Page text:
When Joel and Ethan Cohen’s 1996 film Fargo was first released on VHS, PolyGram Video produced two little promotional items that perfectly encapsulated the film’s bloody, sour take on Midwestern domesticity. These items were a pair of snowglobes recreating two of the film’s most memorable scenes: police chief Marge Gunderson (Frances McDormand) examining the body of slain state trooper, and Marge cornering brutish killer Gaear Grimsrud (Peter Stormare) as he feeds a severed leg into a wood chipper. If you shook the snowglobes, bloody red snowflakes would fall over the tiny people inside. It’s easy to imagine the snowglobes as part of the film’s set design, scattered among the kitschy pig figurines in the Lundegaard home or the Arby’s wrappers in Marge’s office, as long as you don’t look at them too closely. Murder became a tchotchke.
Fargo is a film about conniving, violent, petty people, and the sad misunderstandings that can happen when relationships are left to curdle like old milk. The film opens with car salesman Jerry Lundegaard (William H. Macy at his most milquetoast) arranging the kidnapping of his wife so that he can collect a ransom from his wealthy father-in-law to pay off an encroaching debt. The kidnappers, partners Carl Showalter (“funny-lookin’’’ Steve Buscemi) and the blank-eyed Grimsrud are instantly the worst people you’ve ever seen in your life. When Lundegaard joins them, the trio bicker pointlessly about the meeting time—7:30 or 8:30?—and Showalter struggles to understand why Lundegaard wants to ransom off his wife instead of simply asking his family for the money. Lundegaard stammers out non-explanations, and it immediately becomes clear to the viewer that these men are completely incapable of communicating with each other, and are already in over their heads. The characters and their plans are so pathetic that even when the violence in Fargo is unpredictable, it seems strangely inevitable.
The Lundegaard home is a model of Rockwellian normalcy until they’re destroyed by Jerry’s wretched veniality. Wife Jean is introduced as a frizzy-haired, pink sweater-clad homemaker, perpetually chopping vegetables or furiously stirring a mixing bowl. (During the kidnapping, Jean literally becomes trapped by her own domesticity as she accidentally ensnares herself in her shower curtain while fleeing and falls down the stairs.) Does Jerry Lundegaard love his wife? Her picture adorns his desk and she greets him with a chirpy, Minnesotan “Hi, hon!” but whatever affection that once connected them has faded in the shadow of Jerry’s resentment of his overbearing father-in-law, Wade Gustafson (Harve Presnell). William H. Macy’s exaggerated “Minnesota Nice” accent is so comical that we almost forget he’s a monster, and that he’s not even endangering his family out of a misguided belief he’s protecting them. Gustafson states that Jean and her son “never have to worry” about money; Lundegaard’s massive debt is a danger only to himself. But already despised by his steely father-in-law and regarded as a mealy-mouthed liar by his customers, Jerry cannot stand one more exposure of his weakness and jeopardizes Jean as a deliberate “screw you” to a man who sees right through his empty smiles. By using his wife as a pawn, Jerry sacrifices one of the few people who actually still cared about him.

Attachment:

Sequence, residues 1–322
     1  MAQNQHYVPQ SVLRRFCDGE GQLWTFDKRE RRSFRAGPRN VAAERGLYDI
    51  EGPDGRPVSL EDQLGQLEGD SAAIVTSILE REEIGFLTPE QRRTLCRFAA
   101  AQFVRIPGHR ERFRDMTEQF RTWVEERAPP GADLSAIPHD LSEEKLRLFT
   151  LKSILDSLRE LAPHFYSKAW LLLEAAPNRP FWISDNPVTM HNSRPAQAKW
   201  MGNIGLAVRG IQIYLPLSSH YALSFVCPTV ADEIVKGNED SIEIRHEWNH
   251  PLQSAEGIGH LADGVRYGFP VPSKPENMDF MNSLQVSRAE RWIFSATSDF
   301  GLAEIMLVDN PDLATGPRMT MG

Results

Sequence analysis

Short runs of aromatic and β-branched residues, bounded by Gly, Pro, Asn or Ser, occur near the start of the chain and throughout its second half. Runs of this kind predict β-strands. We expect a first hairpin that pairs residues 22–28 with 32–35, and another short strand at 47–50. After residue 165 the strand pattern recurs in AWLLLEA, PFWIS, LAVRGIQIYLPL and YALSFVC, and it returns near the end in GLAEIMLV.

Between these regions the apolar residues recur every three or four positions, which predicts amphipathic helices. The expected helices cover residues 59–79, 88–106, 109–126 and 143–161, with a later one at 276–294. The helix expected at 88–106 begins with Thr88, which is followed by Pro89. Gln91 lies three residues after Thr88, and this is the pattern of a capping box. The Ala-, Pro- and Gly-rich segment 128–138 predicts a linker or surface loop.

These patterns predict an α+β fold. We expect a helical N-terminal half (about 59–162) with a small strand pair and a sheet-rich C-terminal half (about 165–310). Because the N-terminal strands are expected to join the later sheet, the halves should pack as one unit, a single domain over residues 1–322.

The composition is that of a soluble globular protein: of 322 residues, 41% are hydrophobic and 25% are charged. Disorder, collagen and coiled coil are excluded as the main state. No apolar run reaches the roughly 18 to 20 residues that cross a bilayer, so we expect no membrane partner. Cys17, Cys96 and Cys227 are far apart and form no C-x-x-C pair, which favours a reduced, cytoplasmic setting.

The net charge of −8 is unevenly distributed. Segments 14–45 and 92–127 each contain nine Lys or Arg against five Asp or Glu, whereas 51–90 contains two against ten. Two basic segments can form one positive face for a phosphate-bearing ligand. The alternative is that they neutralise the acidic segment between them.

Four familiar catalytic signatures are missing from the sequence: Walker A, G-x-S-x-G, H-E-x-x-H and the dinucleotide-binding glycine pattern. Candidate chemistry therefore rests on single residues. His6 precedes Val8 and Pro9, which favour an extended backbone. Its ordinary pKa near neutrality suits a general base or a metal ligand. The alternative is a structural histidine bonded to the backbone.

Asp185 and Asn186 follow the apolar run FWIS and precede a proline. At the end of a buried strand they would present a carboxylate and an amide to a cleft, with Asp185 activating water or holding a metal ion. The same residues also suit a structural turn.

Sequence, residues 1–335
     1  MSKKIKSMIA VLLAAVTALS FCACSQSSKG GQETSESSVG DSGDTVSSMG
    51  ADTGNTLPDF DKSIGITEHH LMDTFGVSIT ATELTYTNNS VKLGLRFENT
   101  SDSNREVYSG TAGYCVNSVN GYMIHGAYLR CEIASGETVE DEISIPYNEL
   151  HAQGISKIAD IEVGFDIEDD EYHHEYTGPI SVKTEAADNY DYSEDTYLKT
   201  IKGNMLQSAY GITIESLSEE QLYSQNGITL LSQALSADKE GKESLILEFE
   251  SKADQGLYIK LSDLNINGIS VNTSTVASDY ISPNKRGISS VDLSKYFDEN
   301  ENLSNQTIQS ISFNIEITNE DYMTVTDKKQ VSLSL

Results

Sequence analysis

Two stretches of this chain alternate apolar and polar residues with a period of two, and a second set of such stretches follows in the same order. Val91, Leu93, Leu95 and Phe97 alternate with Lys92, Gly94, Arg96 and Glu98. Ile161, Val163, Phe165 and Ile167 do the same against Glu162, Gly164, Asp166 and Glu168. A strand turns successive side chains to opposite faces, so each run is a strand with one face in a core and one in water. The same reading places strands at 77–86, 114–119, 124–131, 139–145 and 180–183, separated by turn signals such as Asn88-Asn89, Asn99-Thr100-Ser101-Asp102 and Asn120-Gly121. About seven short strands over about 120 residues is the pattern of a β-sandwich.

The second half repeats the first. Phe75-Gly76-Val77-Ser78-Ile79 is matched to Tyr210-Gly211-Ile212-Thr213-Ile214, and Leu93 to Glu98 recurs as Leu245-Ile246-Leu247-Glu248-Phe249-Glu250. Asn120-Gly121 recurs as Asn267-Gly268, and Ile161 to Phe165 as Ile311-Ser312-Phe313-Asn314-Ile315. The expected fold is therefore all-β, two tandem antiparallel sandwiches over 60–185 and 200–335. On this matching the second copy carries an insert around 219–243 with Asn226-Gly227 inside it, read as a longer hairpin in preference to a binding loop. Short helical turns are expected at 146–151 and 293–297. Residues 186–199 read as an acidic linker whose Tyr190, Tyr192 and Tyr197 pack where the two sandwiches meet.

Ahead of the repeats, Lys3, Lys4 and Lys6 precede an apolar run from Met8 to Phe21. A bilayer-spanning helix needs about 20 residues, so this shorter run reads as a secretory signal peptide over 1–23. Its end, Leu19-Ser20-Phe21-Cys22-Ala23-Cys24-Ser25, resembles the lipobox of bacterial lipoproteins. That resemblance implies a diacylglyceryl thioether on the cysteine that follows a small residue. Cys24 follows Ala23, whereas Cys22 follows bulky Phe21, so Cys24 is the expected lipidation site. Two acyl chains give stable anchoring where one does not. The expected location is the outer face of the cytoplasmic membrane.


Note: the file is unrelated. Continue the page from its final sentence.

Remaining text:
Jerry’s son Scotty, a boy on the precipice of bratty teenagerdom, is thrown back into the vulnerability of childhood after his mother is kidnapped, and we last see him clinging to a stuffed animal as Jerry fails, both as a father and as a human being, to console him. Whenever I watch Fargo I spare a few moments to think about that poor damn kid, and the horrible future awaiting him after his mother and grandfather are killed, and his father is arrested. Wade Gustafson promised that Jean and Scotty would be taken care of, but the film ultimately obliterates that sense of safety. Lundegaard destroys his own family, and his innocent son is cast into limbo. Fittingly, the last we see of Jerry as he’s being arrested is his impotent attempt to escape a bathroom window, as Jean did earlier in the film; she could not escape her sad end, and neither can he.